The Safety Of Schoolchildren

They say all politics are local. And nothing gets more political and more local than deciding how to divide up a community’s property taxes. Newtown’s budgetmakers are used to doing their work with taxpayers inviting themselves into their meeting rooms to look over their shoulders at line items, to listen to department heads justify expenses, and ultimately to offer their own opinions at hearings, in letters to the editor, in social media, and eventually in the voting booth. The big local issue in Newtown this year has, through the agency of the horrible 12/14 tragedy at Sandy Hook School, imprinted itself on the agendas of local meeting rooms across the country. School safety it item #1 on everyone’s list of priorities.

Just this week, legislatures from Washington State to Florida, from the Dakotas to Alabama, were debating school safety measures and how to fund them. Everywhere, public officials focused their attention by invoking the names of Sandy Hook and Newtown. We have become everywhere else’s local consideration.

So when the Board of Selectmen sat down Monday evening to weigh its options for providing increased security and safety in Newtown’s schools, everyone knew this was not just another budget issue. It was the first brick in the foundation of a new bulwark under construction in every school in every district in every state in the nation against unthinkable violence against schoolchildren — the unthinkable that we must now always think about.

There is no way to measure in money the value of the lives of children, so the three or four hundred thousand dollars on the table for the discussion of five school security options here in Newtown on Monday night seemed only incidental to considerations of safety and deterrence. At the heart of those considerations should be how best to make security a team effort that rests not just on the vigilance, skill, and well-stocked holster of school resource officers, but on a new sensibility of safety that infuses every aspect our community’s responsibility to its children. It means being vested in the welfare of other people’s children as if they were your own. It means giving voice to concerns, even if they prove to be unfounded. It means taking responsibility not just for your own, but for your own community.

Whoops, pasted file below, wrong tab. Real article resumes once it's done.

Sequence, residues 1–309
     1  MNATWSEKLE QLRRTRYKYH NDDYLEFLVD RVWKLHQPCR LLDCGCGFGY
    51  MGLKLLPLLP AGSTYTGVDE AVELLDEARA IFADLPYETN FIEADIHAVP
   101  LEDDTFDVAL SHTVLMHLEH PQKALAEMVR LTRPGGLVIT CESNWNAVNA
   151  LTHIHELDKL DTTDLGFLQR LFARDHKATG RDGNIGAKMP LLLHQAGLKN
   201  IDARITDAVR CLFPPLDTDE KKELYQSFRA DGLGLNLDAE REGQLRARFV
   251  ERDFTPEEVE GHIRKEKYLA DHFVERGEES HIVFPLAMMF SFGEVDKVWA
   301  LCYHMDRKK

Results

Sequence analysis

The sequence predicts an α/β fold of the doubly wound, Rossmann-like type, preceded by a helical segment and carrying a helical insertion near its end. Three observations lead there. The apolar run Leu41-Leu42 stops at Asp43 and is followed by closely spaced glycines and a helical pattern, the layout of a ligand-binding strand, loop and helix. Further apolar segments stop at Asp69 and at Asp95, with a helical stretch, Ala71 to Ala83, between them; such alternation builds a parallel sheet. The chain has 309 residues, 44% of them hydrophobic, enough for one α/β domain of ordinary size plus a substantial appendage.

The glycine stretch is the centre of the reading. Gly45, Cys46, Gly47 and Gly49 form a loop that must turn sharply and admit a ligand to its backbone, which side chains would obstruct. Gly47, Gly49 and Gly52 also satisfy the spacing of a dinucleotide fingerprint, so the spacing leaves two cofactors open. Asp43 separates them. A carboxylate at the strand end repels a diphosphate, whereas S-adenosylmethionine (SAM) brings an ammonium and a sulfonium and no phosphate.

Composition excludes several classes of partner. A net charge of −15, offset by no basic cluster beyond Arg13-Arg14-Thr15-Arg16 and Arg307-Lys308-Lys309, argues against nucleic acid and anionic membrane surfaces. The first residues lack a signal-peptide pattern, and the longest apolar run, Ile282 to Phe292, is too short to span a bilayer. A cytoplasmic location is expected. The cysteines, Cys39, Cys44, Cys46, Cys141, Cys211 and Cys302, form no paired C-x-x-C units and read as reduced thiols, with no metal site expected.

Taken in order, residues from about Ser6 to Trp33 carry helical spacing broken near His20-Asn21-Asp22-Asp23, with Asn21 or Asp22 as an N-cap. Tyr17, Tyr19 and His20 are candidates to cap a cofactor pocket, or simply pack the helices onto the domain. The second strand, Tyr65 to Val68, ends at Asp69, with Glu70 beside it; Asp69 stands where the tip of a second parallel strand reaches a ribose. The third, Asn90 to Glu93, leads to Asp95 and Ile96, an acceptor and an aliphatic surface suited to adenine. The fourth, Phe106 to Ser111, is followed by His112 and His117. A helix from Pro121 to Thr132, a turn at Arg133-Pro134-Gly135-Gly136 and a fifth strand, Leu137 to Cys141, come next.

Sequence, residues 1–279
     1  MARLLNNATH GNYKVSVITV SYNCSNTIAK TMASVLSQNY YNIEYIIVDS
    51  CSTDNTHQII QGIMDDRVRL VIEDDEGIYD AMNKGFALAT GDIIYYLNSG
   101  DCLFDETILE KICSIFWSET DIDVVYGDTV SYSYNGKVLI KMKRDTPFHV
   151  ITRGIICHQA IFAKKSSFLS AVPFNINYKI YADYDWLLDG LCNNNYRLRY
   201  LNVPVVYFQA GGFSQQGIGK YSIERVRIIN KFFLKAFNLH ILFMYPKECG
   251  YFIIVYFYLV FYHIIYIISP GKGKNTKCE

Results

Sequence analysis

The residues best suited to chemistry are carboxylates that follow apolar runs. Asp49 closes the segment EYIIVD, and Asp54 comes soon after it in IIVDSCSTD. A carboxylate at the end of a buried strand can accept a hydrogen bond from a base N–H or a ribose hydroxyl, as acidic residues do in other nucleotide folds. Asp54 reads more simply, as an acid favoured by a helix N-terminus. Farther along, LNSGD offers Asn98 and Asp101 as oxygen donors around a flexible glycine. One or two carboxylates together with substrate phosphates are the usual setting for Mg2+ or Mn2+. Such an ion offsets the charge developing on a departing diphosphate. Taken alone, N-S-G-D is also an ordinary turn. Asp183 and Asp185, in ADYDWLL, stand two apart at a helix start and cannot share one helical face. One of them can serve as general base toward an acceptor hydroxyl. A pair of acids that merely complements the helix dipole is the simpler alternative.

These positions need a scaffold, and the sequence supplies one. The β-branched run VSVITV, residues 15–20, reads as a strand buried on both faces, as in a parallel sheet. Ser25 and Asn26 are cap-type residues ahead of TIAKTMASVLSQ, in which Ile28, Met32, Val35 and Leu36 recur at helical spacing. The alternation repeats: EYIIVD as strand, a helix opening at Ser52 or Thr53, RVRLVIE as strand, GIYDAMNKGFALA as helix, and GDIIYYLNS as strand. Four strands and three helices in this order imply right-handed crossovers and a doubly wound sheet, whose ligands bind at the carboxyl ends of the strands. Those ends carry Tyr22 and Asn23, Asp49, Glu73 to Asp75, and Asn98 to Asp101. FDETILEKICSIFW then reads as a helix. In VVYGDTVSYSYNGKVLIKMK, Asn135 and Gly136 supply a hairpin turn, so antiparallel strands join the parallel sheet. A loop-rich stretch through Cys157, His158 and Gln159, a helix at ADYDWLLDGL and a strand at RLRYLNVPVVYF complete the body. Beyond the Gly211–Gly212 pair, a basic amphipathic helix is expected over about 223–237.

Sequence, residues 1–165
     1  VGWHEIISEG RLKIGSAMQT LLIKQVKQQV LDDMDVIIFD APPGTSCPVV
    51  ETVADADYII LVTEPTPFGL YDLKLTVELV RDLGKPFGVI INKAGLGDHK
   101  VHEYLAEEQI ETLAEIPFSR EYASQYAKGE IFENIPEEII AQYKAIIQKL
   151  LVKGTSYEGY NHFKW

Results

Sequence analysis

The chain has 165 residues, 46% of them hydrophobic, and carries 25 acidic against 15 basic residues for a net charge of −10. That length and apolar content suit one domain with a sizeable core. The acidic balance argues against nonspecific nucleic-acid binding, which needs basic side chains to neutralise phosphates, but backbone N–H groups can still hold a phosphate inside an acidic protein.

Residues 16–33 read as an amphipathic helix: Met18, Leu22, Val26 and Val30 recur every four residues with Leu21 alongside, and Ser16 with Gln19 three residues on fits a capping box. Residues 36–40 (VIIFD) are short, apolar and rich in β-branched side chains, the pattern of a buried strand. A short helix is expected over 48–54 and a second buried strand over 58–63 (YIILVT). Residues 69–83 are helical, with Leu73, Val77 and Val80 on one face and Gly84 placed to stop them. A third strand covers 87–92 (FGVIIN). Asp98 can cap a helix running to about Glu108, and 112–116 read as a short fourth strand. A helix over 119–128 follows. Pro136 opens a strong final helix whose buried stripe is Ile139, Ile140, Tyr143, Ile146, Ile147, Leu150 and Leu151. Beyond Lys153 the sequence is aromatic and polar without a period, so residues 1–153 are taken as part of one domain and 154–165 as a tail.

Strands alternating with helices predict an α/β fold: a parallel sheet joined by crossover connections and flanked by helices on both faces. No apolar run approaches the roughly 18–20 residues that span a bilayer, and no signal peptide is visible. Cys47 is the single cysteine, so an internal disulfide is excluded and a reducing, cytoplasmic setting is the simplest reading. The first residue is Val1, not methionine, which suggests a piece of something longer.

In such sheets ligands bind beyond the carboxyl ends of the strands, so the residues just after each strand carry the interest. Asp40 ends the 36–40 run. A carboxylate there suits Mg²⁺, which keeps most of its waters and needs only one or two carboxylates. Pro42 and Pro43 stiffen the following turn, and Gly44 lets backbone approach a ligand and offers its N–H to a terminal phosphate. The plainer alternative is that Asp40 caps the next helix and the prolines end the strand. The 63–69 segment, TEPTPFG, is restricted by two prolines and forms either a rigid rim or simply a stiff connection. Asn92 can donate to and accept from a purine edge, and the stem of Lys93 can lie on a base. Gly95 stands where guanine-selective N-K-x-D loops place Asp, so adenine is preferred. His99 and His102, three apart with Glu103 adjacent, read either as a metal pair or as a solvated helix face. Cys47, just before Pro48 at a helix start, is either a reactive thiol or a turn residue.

We all need to sign on as partners in this effort. We never chose this role, but Newtown became the spark that fired the nation’s conscience on the issue of school safety. All politics may be local, but what we do here really does matter to people everywhere looking for direction, inspiration, and resolve as we try to do better by this nation’s schoolchildren.

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